female; 169 belong to ethnic minority groups (19 percent); and, 154
(17.5 percent) are "independents" (non-Party members who have
nonetheless been deemed "safe" by the Party). In the previous
election in 2002, there were 759 candidates, of which 257 were
females (close to 33 percent), 141 ethnic minorities (18.5 percent)
and 121 independent (approximately 16 percent).

3. (SBU) In addition, the Party approved 30 "self-nominated"
candidates: those who do not have the official backing of a GVN or
Party entity, but who are virtually all Party members. Most of
these 30 are from major cities, such as Ho Chi Minh City (seven) and
Hanoi (six). The ratio of self-nominated candidates is nearly twice
that of the previous election. That said, these 30 self-nominated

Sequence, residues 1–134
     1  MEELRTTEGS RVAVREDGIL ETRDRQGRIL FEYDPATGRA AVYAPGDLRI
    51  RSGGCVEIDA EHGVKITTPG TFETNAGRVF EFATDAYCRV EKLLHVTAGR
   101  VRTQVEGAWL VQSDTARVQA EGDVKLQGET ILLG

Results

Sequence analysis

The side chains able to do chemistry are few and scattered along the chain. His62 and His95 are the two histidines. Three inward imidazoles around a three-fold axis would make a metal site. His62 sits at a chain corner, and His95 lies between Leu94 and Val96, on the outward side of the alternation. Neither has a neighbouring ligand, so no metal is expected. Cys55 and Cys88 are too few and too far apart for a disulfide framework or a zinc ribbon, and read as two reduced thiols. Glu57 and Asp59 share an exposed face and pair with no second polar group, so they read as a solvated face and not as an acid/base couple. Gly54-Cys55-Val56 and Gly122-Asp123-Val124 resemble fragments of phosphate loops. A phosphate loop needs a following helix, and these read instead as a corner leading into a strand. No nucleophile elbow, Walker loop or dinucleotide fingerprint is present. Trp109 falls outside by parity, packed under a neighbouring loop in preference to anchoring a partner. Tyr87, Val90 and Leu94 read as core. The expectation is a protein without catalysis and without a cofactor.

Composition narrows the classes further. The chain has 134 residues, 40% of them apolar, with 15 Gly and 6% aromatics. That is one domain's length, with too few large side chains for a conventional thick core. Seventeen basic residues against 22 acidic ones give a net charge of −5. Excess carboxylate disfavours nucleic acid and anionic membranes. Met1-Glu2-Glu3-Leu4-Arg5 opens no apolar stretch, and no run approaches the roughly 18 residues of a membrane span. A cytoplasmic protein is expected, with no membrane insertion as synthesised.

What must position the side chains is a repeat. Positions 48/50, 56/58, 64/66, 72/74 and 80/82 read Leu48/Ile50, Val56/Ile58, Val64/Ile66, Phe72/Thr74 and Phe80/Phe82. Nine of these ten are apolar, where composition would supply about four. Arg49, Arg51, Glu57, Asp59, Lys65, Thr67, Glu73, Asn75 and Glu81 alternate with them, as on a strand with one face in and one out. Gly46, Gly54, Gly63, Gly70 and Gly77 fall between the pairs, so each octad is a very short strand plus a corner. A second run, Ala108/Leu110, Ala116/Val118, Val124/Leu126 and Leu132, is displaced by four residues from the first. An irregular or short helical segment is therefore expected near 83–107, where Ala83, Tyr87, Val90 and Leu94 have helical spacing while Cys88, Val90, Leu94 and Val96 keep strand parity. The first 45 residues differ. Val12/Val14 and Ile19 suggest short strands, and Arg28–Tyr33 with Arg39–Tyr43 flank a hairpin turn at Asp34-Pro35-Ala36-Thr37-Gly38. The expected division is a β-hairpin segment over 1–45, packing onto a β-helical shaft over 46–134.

candidates represent a sharp decrease from the 238 announced by the
GVN after the second of three rounds of "consultations."
Furthermore, we are aware of at least a few cases in which Party
officials pressured some self-nominated candidates to withdraw or
found them ineligible to run.

Stepping Into the Polling Booth
-------------------------------

4. (SBU) Eligible Vietnamese voters will be able to vote between
7:00 A.M. and 7:00 P.M. on May 20. Traditionally, most voters cast
their ballots in the morning before heading to the local market.
Proxy voting is common, as a family member may cast votes for the
whole family. In some cases during the last NA election, local
election council members "escorted" those who had not yet voted to
their polling stations. The overall turn-out rate for this election
is likely to be over 99 percent (turnout was 99.73 percent in the
2002 election).

Voting on the Spratlys
----------------------

5. (SBU) In a first for Vietnam -- and as part of the GVN's efforts
to bolster its sovereignty claims in the Spratly Islands --
constituents in the newly established Truong Sa and Bach Long Vy
Island districts (islands in the Spratly chain) in Khanh Hoa
Province and Hai Phong City, respectively, cast votes on May 13. In